Artificial intelligence (AI) is helping us organise our lives, via virtual PAs such as Siri, and it’ll soon be driving us around. We’re starting to see the first voice activated command technology in domestic environments, and we’re beginning to worry if the machines will take our jobs.
We’re inviting artificial intelligence into our daily lives, in some cases, we’re having conversations with it. How is this going to affect the way we use language?
With Amazon Echo creeping into homes, some people are getting used to voice activated AI technology in the same way the rest of us are now used to Google’s easy to access services. Homes that are already using Alexa are finding the best way to communicate with their ‘robot butler’.
Many are used to barking out orders that are curt and having an instant response. Humanity is already used to having answers on hand, thanks to Google. Now we’re starting to get used to having our commands answered verbally as well.
Is our use of voice technology likely to affect how we communicate with other human beings? Just because we’re curt in our interactions with AI, it doesn’t necessarily mean we’re going to be more curt with other people.
Perhaps we might learn to communicate with increasing clarity. After all, many people have learned how to refine our written search requests to Google so we get the result we need.
This doesn’t yet seem to have impacted on how we communicate with other human beings. We don’t walk into shops and bark ‘buy size 38 brown sandals women’s but we’d think nothing of typing this into a search engine.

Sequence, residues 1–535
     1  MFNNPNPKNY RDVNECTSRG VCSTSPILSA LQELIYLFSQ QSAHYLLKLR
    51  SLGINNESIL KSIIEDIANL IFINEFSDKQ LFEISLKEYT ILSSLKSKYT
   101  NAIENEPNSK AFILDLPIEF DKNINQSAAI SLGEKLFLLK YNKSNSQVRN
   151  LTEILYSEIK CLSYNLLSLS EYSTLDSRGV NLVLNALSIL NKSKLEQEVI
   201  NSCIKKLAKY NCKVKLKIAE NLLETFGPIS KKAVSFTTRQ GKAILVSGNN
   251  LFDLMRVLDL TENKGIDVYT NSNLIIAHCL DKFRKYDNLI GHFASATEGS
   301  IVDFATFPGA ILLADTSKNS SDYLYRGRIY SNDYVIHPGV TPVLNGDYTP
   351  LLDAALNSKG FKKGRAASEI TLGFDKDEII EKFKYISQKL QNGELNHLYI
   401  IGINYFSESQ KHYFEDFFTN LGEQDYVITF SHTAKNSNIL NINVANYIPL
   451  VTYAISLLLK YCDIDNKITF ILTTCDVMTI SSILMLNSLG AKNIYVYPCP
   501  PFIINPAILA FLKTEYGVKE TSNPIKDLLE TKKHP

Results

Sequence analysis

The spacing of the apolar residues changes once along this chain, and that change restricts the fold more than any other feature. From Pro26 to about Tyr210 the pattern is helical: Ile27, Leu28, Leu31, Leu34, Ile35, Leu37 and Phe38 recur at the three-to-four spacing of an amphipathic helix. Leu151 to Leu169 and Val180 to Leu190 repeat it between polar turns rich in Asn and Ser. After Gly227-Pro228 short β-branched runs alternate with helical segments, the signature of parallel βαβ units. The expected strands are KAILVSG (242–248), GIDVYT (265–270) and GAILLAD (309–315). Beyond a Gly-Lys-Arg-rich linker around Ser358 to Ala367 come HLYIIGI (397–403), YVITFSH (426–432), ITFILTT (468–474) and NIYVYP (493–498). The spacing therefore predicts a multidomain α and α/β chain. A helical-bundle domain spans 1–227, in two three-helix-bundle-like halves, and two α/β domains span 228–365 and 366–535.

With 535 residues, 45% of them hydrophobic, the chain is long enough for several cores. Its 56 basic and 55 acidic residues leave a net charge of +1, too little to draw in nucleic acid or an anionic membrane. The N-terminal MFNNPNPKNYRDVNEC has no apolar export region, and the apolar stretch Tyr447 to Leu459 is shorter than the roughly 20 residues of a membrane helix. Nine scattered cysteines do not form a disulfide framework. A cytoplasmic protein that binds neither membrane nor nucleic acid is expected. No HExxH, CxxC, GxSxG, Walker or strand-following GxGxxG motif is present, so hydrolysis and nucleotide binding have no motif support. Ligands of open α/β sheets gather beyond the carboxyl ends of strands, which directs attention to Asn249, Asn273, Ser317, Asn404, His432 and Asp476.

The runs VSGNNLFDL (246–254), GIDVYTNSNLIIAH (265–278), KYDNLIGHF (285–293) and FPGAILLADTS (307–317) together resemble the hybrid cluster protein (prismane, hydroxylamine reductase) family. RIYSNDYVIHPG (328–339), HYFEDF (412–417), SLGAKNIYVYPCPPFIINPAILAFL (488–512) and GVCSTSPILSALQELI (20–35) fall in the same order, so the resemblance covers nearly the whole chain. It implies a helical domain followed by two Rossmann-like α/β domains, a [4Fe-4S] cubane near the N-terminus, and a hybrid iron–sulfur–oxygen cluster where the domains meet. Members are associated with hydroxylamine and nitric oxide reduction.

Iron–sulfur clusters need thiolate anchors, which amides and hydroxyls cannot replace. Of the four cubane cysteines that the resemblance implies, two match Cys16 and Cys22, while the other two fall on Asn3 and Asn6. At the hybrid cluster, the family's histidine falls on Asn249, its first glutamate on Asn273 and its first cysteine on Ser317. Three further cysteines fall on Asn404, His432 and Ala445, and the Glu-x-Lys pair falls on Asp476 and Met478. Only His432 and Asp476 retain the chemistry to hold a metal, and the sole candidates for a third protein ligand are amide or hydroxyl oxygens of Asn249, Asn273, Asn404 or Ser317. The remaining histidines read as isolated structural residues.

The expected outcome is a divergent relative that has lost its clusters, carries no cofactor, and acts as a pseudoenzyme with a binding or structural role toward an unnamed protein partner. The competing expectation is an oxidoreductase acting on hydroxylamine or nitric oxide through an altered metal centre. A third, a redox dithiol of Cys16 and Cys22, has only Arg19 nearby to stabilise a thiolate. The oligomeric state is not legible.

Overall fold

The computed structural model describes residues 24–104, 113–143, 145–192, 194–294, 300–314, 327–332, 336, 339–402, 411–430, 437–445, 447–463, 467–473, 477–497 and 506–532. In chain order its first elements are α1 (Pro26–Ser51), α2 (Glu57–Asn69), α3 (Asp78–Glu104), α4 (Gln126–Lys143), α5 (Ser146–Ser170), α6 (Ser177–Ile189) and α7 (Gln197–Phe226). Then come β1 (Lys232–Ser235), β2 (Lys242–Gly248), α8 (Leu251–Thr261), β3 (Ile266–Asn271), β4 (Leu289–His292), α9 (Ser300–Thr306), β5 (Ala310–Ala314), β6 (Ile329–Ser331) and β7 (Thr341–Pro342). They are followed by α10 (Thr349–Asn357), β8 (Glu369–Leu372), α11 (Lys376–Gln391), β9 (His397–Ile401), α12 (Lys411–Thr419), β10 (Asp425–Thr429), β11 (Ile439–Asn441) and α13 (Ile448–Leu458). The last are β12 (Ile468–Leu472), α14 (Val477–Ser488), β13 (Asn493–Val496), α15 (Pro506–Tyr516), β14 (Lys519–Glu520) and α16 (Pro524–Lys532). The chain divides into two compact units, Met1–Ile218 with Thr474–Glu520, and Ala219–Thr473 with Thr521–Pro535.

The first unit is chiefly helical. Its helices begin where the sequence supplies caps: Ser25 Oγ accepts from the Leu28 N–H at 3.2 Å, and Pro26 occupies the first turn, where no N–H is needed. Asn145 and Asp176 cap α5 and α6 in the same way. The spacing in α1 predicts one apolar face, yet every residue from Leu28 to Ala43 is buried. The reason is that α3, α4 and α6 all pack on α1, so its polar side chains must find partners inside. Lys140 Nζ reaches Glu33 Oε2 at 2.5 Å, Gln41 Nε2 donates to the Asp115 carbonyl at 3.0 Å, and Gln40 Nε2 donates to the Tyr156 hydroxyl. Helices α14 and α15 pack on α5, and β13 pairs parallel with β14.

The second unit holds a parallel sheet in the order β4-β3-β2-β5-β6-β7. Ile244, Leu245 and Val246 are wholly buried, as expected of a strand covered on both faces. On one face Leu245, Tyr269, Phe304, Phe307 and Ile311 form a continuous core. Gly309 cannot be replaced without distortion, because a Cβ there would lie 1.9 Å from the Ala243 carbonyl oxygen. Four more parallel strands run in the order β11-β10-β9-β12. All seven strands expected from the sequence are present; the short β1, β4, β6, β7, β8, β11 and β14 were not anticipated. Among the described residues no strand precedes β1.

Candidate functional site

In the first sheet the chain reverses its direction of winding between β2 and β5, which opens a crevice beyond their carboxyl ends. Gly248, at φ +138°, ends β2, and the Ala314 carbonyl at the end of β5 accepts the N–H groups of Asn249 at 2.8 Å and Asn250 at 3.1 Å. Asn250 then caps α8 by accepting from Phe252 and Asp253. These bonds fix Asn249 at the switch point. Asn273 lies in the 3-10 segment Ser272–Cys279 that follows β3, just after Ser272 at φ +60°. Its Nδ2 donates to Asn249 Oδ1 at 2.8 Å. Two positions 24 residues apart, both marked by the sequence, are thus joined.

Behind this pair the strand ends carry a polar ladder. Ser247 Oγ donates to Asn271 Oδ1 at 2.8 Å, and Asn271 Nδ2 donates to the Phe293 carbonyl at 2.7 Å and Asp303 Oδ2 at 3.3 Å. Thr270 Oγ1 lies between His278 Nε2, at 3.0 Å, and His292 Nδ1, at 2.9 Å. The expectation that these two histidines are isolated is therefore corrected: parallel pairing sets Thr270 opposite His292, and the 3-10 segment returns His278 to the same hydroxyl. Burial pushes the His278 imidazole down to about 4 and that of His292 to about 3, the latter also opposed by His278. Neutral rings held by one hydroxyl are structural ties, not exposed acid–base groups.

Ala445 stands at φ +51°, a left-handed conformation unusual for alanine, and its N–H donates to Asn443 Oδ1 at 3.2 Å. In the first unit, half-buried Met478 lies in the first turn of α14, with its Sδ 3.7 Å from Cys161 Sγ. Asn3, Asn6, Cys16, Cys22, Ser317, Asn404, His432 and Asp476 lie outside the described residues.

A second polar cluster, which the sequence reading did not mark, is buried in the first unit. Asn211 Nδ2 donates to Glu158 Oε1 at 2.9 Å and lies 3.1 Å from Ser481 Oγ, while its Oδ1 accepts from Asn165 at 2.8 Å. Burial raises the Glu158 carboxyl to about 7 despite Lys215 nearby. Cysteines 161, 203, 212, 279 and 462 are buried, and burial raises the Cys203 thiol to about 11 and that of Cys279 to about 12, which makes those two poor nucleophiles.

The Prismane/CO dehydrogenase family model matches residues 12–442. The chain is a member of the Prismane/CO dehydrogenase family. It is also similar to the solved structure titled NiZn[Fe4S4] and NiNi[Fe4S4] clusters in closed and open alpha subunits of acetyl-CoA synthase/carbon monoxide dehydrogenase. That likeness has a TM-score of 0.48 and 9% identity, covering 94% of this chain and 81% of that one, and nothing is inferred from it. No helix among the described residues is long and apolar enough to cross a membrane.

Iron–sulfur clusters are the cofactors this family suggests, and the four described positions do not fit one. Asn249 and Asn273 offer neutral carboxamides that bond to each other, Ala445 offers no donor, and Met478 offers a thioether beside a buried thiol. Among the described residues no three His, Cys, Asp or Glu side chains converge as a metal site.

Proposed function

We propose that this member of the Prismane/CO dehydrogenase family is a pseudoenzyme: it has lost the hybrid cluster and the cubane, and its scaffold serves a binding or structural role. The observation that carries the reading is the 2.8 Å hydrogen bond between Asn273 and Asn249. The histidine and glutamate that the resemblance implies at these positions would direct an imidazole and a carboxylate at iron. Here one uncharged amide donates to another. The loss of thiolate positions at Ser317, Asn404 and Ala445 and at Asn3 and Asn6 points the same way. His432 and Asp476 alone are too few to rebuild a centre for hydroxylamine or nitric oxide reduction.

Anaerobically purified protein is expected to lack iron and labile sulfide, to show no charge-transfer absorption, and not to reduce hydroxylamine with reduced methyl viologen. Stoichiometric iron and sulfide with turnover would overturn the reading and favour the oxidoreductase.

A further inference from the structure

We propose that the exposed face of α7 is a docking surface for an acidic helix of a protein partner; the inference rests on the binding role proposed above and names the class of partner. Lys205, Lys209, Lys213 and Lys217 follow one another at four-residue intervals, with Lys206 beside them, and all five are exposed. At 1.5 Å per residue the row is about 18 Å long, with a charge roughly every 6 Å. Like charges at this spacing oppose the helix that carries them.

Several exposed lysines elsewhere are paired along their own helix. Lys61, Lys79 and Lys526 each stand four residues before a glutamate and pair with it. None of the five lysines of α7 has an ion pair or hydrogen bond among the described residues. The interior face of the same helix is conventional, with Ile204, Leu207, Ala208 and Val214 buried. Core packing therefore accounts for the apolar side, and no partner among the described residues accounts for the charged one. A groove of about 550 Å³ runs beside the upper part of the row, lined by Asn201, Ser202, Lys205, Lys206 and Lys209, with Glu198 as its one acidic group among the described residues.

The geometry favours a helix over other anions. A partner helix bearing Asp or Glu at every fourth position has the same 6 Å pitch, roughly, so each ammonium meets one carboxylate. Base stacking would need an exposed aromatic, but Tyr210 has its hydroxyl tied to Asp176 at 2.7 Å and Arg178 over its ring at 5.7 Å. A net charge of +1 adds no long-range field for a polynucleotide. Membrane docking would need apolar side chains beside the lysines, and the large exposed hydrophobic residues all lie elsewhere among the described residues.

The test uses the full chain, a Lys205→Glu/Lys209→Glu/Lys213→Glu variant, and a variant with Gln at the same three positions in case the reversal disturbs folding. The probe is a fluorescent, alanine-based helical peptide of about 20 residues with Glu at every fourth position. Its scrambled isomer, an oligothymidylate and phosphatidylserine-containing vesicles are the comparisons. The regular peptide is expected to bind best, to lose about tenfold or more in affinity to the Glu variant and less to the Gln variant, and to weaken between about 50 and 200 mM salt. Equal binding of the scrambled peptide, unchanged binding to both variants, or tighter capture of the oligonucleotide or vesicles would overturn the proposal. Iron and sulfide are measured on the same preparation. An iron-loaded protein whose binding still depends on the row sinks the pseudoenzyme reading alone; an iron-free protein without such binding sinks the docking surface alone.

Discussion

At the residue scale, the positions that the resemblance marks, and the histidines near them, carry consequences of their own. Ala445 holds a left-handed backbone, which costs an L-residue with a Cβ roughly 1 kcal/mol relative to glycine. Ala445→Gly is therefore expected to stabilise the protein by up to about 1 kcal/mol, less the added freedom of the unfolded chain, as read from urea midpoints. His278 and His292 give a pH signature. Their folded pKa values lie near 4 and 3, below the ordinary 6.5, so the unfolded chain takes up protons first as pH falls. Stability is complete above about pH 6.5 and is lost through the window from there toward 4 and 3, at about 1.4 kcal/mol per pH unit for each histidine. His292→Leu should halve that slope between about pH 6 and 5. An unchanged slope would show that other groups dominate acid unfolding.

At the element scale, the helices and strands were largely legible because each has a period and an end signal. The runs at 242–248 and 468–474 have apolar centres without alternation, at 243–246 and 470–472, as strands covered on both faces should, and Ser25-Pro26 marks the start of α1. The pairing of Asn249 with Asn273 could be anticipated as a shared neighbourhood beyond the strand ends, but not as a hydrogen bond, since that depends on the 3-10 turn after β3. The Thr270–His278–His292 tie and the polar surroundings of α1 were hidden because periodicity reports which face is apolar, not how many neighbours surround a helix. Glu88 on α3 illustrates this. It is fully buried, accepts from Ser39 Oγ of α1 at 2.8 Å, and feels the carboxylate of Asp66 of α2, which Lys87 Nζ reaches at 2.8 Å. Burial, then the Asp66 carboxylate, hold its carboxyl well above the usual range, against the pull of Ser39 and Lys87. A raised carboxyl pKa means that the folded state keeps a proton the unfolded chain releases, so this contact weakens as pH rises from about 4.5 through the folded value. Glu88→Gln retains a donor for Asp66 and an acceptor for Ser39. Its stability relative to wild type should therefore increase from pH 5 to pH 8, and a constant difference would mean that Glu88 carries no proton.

Perhaps our use of voice activated AI will teach us to apply a new clarity and directness in terms of how we speak to others. But it’s more likely that social norms of meandering through conversation to the point we want to make will persist.
We’ll ask the sales assistant if he can help us before we ask for those brown sandals, size 38. Although we can adapt to use technology, humanity tends to be governed by social conventions when it comes to human interactions.
AI and language loss
One good impact of machine intelligence may be that we get better at talking to people whose language we don’t share. AI is already offering ‘good enough’ translation to help you out in a foreign language fix.
Although machine translation is imprecise and lacks nuance, it’s helpful in informal settings such as when you’re on holiday. Forget about taking a phrasebook – AI could soon offer ‘Star Trek’ voice translation devices that help you communicate your needs abroad.
If this kind of language filtering technology becomes a reality, it could help preserve some of humankind’s under threat languages.
The internet’s been seen as a contributor to language decline; if a person speaks a minority language that isn’t well represented online, it encourages them to adopt a majority language and this may contribute to the decline of their minority language.
With better intermediation of translation technology, perhaps they wouldn’t need to switch languages. Instead, they could have access to the same online resources in their own language and there would be better language equality. It wouldn’t ‘cost’ them so much as it does now to remain in their minority language group.
AI and working language